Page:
When Submitting Short Stories to Markets, Patience is Required
By N.M. Cedeño
How long does it take to hear back from editors with acceptances or rejections of short stories? That depends on a number of variables, but in most cases in the world of short mystery fiction, patience is required.
How much patience?
I currently have stories that have been pending for 387 days, 200 days, and 190 days, respectively.
For the story pending the longest, I heard from the editor about several issues that have delayed responses. He made it clear that those who submitted are free to submit elsewhere, and, if the story is picked up by another market, to simply withdraw it from him. However, the story was written for a very specific call for submissions. I would have to re-edit the manuscript and change details to make it submittable elsewhere. So for the moment, I’ve decided to wait and see what happens rather than submit the story to another market.
The manuscript currently at 200 days post submission will probably not receive a response until a full year has passed. I know this because it’s submitted to one of the most prestigious markets in short mystery fiction, Alfred Hitchcock Mystery Magazine. The statistics on how long AHMM takes to respond to submissions are available online at The Submission Grinder. The average response time is currently 371 days. I know of authors who won’t submit to the magazine because of the extreme length of response time and low odds of acceptance. My current thinking, which may change at some point, is that if I don’t submit, I’ll have no chance of getting published by the magazine. The wait is the price I have to pay for that opportunity.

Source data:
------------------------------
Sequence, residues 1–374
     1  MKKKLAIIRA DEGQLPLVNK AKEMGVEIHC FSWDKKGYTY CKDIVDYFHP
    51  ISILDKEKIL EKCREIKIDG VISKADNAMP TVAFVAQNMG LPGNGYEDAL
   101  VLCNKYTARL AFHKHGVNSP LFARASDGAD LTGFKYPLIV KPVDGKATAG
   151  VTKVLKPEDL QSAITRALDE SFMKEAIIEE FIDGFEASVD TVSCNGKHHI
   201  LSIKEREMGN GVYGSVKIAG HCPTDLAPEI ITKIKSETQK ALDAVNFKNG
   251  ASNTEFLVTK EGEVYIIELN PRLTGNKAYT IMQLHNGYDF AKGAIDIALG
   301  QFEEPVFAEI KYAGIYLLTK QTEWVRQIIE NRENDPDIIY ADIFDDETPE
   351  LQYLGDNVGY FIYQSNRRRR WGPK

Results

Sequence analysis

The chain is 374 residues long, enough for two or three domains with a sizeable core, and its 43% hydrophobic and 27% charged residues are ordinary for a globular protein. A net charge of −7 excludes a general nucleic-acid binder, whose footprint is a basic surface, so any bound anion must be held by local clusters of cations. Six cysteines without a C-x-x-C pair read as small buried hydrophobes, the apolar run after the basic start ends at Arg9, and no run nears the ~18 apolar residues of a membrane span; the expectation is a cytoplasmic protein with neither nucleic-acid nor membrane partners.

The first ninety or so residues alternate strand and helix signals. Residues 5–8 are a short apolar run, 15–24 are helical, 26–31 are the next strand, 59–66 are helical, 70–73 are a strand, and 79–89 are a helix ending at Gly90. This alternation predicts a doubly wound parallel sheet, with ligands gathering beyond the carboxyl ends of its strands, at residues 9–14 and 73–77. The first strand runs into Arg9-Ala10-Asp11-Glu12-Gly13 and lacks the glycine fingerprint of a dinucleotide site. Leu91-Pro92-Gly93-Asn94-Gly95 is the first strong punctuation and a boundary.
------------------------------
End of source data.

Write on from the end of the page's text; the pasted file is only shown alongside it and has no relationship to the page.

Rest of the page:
The next story, submitted 190 days ago, is a bit more perplexing. I submitted it early, well before the call deadline. So although the editor has had it for six months, the deadline for submissions was three months ago. From what I can see online and from asking other authors, no one has had a response from the editor yet. Since the call for submissions didn’t give a timeline for responses, only the planned publication date, which is just a few months away at this point, I sent an email inquiring if my story was still being considered. Sadly, I haven’t received a response to my query. Unless I want to withdraw the submission and try to submit the piece elsewhere, all I can do is have patience and wait to see if anyone else receives a response or if the editor responds to my query.
These three stories submissions represent the longest wait times for responses that I usually experience from markets that actually bother to send responses. (Some markets never respond unless they want the story. And, yes, that’s REALLY ANNOYING.)
Many markets respond much faster to submissions than the above examples. Data on response times for various magazines can be found on The Submission Grinder and other places online. Waiting a few weeks to receive a response is common, as is waiting a few months. But the need for patience doesn’t end with the submission process.
And then, wait some more…
Once a story is accepted, the wait to publication begins. The longest I’ve had a short story pending publication after acceptance is currently at 16 months and counting. I’ve heard from authors who’ve waited as long as two years between acceptance and publication of a short story in a magazine. In this case, the story will be published shortly because I received the proof pages from the editor a few weeks ago. It’s coming … eventually.
To reiterate: In writing and submitting short mystery fiction for publication, patience isn’t merely a virtue, it’s a necessity.
N. M. Cedeño is a short story writer and novelist living in Texas. She is active in Sisters in Crime- Heart of Texas Chapter and is a member of the Short Mystery Fiction Society. Find out more at nmcedeno.com.
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